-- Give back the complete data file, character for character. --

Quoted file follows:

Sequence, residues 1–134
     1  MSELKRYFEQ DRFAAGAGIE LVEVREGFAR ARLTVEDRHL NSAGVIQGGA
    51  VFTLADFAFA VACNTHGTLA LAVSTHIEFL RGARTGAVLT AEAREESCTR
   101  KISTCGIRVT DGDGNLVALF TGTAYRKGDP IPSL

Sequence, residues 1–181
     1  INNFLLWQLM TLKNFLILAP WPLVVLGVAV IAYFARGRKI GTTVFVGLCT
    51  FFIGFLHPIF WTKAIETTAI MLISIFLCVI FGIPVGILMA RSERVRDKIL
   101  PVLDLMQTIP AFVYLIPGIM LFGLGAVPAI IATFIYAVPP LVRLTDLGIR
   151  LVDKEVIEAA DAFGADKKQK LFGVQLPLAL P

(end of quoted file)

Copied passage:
Sequence, residues 1–134
     1  MSELKRYFEQ DRFAAGAGIE LVEVREGFAR ARLTVEDRHL NSAGVIQGGA
    51  VFTLADFAFA VACNTHGTLA LAVSTHIEFL RGARTGAVLT AEAREESCTR
   101  KISTCGIRVT DGDGNLVALF TGTAYRKGDP IPSL

Sequence, residues 1–181
     1  INNFLLWQLM TLKNFLILAP WPLVVLGVAV IAYFARGRKI GTTVFVGLCT
    51  FFIGFLHPIF WTKAIETTAI MLISIFLCVI FGIPVGILMA RSERVRDKIL
   101  PVLDLMQTIP AFVYLIPGIM LFGLGAVPAI IATFIYAVPP LVRLTDLGIR
   151  LVDKEVIEAA DAFGADKKQK LFGVQLPLAL P